"I owe him for the audiences that come see my plays; I owe him for the styles I think I've borrowed from commedia dell'arte and discover I've really stolen from him; I owe him for the courage to look deeper into my own culture," says Solis, best known for "Santos & Santos" and "Gibraltar." "I have freer rein to do what I want as an artist because he did it first. And he came by it the hard way."
Although Latino playwrights still face a tough trek on the road to Broadway, the movement Valdez championed left a lasting impact on the scope and tenor of the American theater scene. "Zoot Suit" changed the face of Broadway, and "La Bamba" proved that Latino themes have crossover power at the box office.
"The legacy lives on," Solis notes, "in the numerous playwrights and directors and actors whose careers were made possible by his trailblazing."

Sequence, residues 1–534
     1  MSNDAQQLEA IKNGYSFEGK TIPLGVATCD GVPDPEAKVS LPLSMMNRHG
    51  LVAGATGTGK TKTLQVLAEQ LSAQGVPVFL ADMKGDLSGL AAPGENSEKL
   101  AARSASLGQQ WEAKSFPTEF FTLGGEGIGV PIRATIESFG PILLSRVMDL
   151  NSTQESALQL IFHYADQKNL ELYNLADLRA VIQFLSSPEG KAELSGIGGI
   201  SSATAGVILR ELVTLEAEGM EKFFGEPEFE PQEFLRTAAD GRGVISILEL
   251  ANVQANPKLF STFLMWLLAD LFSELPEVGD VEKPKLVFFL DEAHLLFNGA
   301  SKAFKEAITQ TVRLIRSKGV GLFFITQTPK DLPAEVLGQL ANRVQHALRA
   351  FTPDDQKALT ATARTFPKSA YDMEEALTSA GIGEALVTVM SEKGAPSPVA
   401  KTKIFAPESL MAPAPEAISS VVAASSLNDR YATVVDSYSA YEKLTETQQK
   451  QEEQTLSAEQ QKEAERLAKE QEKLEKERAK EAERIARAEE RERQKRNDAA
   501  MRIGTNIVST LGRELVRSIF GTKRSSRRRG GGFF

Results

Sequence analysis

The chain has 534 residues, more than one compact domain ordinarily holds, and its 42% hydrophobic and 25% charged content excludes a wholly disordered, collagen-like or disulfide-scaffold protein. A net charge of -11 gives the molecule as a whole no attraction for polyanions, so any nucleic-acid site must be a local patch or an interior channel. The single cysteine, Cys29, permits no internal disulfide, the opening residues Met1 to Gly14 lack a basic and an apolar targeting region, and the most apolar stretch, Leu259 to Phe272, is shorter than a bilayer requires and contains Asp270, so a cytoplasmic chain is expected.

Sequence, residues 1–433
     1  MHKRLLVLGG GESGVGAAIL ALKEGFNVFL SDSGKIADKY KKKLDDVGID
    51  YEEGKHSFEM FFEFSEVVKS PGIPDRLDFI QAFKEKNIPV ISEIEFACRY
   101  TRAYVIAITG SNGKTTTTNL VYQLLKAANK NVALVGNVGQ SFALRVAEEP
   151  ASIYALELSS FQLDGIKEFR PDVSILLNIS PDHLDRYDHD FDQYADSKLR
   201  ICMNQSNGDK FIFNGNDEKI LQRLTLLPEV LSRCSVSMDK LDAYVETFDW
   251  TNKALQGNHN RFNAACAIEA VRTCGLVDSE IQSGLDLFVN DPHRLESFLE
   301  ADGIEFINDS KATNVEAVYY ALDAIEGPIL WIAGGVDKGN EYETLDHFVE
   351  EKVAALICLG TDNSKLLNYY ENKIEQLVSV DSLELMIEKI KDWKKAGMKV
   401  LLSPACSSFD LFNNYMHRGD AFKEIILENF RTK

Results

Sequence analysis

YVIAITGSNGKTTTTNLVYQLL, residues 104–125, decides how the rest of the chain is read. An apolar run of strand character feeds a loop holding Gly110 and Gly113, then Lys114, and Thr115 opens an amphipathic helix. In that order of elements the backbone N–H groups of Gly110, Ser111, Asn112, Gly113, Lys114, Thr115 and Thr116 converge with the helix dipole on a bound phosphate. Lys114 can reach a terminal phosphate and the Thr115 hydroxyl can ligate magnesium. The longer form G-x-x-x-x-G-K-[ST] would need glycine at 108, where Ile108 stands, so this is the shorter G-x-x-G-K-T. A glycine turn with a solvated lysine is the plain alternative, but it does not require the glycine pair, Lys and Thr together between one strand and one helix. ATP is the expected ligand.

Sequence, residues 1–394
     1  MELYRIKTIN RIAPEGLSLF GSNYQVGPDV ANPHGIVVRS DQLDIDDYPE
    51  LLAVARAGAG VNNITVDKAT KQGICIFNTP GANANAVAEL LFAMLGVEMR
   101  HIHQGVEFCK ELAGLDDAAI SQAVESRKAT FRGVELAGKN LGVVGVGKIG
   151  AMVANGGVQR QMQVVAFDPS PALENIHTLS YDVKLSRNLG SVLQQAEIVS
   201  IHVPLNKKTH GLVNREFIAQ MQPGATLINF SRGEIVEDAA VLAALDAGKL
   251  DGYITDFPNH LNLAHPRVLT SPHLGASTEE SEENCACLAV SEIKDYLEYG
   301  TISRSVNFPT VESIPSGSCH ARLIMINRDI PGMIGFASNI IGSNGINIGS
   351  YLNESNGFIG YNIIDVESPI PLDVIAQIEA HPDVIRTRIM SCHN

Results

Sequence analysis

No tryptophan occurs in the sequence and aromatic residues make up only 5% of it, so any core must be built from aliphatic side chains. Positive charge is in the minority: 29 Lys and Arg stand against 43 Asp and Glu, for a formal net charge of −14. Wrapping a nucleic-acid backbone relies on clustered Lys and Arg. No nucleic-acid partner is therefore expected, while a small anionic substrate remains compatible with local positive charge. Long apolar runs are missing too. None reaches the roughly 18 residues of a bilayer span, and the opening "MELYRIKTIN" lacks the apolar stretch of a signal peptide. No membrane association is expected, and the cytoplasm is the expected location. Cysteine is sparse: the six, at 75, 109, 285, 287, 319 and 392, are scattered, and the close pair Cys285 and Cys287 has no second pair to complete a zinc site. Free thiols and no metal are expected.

Valdez now lets his son Kinan handle the day-to-day leadership of the Teatro. But he continues to be a prolific writer. In addition to authoring two books on the history and aesthetics of the Teatro, he is planning a production of "Mummified Deer" at San Jose State next year and working on rewrites of "Earthquake Sun," which made its debut in San Diego in 2004. He's also in talks with scholars in China on Chinese-language adaptations of his plays.
"Once you get past the language barrier," the playwright says, "the stories are surprisingly universal."
But he admits that his true calling now may be to bring his message - that art and activism are two sides of the same coin, that theater can change the world - to the icons of tomorrow. He takes pains to reach out to students everywhere he goes, because you never know where there might be another wide-eyed 6-year-old eager to experience the magic of art.
"You don't have to have a penny in your pocket," he says. "You can still make enough noise that you get noticed."
Source: San Jose Mercury News